5 Tips for Success Practicing Yoga at Home

There are so many fantastic at-home yoga and fitness programs available right now. From DVDs and streaming videos, to books and pose charts, there’s never been a better time to learn yoga on your own, but the big problem most students experience is the challenge of actually getting out of bed, rolling out your mat, and getting started.

Does anyone consistently practice yoga at home?

As a yoga teacher and teacher trainer, I’ll be the first to tell you that very few students are successful; but as someone who has been fortunate enough to maintain an at-home practice for over a decade now, I’ll share with you five of the tips that have made it work for me in the hopes that they will work for you too.

#1 – Be Realistic About Your Time Commitment

Before I had kids and businesses, I used to practice for 2-3 hours per day, every day. This was a total self-indulgent luxury, and I loved it. But as my family and business life grew, I realized it was too big an ask on all the other people in my life.

Today, I block off a strict hour each day. Often, I’m able to get in 90 or even 120 minutes, but if that happens, it’s a bonus. And as long as I get my hour in, I’m happy. If you’re just getting started with at-home practice, don’t make the mistake of trying to block off a huge chunk of time—it might be too much, too soon. I often recommend people start small and grow from there. Maybe you can start with just 20 minutes of Sun Salutes and a few standing poses. 20 minutes is significant, and the compound impact of a daily practice, even a short one, is truly amazing.

#2 – Get a Nice Mat

For years, I practiced on a ratty, tattered yoga mat and used a bath towels to mop up my sweat. It was just me in my bedroom, so I figured, who cares? But as it turns out, I did care. Practicing on that nasty old mat made my practice a little less special and little less enjoyable. Why not make the thing I love mosrt even better?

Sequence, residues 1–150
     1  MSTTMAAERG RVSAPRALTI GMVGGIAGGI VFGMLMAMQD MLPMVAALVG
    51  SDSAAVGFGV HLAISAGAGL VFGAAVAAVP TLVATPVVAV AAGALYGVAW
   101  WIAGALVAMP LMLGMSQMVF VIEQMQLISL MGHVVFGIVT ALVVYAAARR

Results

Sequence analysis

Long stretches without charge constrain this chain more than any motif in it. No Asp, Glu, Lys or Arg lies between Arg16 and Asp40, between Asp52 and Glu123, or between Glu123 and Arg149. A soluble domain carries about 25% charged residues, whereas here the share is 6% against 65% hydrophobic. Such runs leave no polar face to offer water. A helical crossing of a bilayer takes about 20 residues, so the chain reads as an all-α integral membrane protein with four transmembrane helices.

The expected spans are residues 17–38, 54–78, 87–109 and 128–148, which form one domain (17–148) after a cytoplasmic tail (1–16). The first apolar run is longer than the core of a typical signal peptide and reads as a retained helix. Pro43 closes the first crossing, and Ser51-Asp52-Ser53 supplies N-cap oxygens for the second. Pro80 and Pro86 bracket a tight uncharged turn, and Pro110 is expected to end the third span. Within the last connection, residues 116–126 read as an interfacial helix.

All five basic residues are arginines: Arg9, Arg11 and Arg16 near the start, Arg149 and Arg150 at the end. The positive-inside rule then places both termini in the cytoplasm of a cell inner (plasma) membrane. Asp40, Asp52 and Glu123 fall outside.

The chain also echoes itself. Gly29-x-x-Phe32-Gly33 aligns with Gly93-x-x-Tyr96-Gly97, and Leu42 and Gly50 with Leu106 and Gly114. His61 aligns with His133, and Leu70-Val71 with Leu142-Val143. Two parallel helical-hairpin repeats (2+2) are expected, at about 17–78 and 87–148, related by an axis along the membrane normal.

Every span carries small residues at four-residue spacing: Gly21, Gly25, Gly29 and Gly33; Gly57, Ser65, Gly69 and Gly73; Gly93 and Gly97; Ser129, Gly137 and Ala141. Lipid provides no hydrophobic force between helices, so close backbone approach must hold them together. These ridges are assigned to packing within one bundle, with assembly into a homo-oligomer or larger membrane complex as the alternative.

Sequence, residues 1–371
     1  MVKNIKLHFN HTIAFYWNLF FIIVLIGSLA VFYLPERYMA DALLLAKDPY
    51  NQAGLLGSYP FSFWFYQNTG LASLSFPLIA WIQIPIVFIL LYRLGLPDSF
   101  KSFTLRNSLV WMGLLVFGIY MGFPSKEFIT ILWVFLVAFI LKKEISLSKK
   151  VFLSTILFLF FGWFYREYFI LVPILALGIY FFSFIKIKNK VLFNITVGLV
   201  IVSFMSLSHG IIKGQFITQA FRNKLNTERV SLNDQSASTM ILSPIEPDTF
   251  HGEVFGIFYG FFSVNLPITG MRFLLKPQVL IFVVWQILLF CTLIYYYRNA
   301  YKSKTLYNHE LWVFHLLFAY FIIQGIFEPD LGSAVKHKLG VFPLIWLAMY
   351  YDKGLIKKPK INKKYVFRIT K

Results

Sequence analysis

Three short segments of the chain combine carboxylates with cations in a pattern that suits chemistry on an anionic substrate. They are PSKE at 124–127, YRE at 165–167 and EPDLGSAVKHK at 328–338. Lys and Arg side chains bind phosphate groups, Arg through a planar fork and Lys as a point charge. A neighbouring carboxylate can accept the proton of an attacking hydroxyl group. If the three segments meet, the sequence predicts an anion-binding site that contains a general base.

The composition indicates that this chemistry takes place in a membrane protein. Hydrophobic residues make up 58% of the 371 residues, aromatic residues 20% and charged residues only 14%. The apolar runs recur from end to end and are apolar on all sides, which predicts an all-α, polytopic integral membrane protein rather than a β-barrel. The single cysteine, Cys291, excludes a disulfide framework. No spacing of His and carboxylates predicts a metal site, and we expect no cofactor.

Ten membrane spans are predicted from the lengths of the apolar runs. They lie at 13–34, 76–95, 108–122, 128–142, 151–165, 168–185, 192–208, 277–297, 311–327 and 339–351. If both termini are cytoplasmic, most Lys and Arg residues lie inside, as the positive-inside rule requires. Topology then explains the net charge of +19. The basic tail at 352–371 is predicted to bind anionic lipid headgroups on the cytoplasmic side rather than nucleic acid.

Today, I have a particular kind of mat I really like (for me, it’s super hard/thin ones), and a special kind of yoga towel too (thin, non-slip). The gear itself is totally irrelevant, use what you like, but students are often more motivated when they feel like their home practice is as “professional feeling” as their studio practices. So go ahead and get a mat you like. Wear nice yoga clothes if that makes you feel good. Do whatever you need to do to make your practice feel great. You deserve it.

#3 – Keep a Practice Journal

When you can look back on weeks and months of practice and have a written record, it makes your at-home practice feel more real and more substantial. In my practice journal, I like to make notes about my mood, my aches and pains, and my progress in particular postures. They say, “what you measure, improves” and I’ve certainly found that to be true.

#4 – Be Ruthless About Your “You Time”

If you have a significant other, family members, or roommates in the house, don’t apologize or feel guilty about your practice time. Turn off your phone, close the door, and know that you are doing as much good for them as you are for yourself. My wife learned very quickly that one of the best ways for me to be more present with her was to leave me alone when I’m doing yoga, and when necessary, pull the kids off my back so I can press on.

If you’re a physical and emotional wreck, you’re no good to anyone. For people like us who love yoga, our practices are usually what keeps us sane (at least for me). So don’t feel guilty. Set aside your practice time, make it known to the household, and do your yoga.

#5 – Think 10 Years Out

We tend to be very short-term focused, thinking about next summer and next year; but what about 10 years from now? What kind of health do you want? What kind of life do you want? What kind of practice do you want? When you focus on 10 years from now, or even 20 or 30 years; it becomes much easier to put things in perspective today. Today is just another day. Do your practice, make small strides forward, work it out on the mat, and make another deposit into your energetic bank account for the future.

I know full well that for some of you, even after reading these tips, you might still be thinking, “Yeah, but…” and that’s just fine too. If home practice is just not working for you, don’t beat yourself up about. Go to a group class, or better still, invite some friends over so your at-home practice can feel like a studio practice.

I truly believe the best style of yoga is “whatever works,” so take ownership of your yoga, roll out your mat, and get it done.